The College of Osteopathic Medicine at Ohio University has announced a $105 million gift — the largest private donation ever awarded to a college or university in Ohio — from the Osteopathic Heritage Foundations to help address the impending shortage of primary care physicians.
Experts predict that by 2025 there will be a shortage of at least 124,000 physicians nationwide, particularly primary care physicians. To help reduce that number, the college — which will be renamed the Ohio University Heritage College of Osteopathic Medicine, pending approval by the university's board of trustees — will use the gift to expand its class size and build an extension campus in central Ohio. Scheduled to open in August 2014, the new facility will enroll fifty students a year in addition to the 140 who matriculate annually at the Athens campus. By 2019, the college expects to be graduating 200 students a year.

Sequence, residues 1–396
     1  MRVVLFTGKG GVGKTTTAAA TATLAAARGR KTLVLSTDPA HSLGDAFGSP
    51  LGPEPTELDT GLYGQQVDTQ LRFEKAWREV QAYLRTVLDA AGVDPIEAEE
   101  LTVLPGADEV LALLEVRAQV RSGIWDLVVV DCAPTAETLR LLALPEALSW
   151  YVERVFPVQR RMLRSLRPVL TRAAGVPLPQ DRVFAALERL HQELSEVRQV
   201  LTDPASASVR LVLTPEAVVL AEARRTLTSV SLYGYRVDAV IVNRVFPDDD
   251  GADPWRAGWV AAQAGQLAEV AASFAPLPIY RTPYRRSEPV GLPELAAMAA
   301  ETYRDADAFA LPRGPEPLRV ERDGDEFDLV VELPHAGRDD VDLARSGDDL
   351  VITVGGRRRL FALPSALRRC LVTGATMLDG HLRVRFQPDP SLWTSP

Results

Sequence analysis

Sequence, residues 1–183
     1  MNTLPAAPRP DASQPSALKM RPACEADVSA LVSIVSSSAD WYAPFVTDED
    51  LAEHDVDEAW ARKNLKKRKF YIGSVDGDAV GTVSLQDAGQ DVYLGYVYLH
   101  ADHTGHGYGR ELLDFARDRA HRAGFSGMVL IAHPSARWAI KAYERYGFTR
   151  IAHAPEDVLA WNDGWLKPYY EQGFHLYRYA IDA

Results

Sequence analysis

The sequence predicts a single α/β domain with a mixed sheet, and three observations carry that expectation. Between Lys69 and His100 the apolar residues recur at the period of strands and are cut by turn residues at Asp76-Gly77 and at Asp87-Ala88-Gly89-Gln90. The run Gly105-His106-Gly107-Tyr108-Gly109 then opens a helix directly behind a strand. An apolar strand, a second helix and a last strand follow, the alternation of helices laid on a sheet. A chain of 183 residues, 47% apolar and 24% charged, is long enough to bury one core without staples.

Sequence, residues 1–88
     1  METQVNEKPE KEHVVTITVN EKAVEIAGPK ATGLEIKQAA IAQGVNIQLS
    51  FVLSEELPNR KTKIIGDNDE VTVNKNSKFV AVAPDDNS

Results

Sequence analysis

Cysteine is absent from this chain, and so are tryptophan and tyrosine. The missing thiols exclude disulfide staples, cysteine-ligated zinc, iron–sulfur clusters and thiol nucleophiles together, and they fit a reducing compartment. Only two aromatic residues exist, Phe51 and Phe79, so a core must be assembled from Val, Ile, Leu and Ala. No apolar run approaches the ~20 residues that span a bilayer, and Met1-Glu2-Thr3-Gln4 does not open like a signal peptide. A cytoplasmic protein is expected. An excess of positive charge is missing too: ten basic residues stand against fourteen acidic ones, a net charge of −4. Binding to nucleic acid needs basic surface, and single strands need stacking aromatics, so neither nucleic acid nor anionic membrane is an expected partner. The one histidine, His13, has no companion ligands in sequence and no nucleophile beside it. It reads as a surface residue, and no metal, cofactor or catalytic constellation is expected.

The funding also will be used to build a new Diabetes/Endocrine Clinical Treatment Research Center that supports programs designed to prepare primary care physicians in management and research of diabetes, the incidence of which is expected to rise 165 percent by 2050, eventually affecting one in three Americans. In addition, the gift will support the development of a new research facility at the Ohio Musculoskeletal and Neurological Institute.
"This historic gift...will forever change Ohio University and our College of Osteopathic Medicine," said OU president Roderick J. McDavis. "We are grateful to the Osteopathic Heritage Foundations for their commitment, which will dramatically broaden our ability to improve the human condition of the people of Ohio. This gift will transform lives."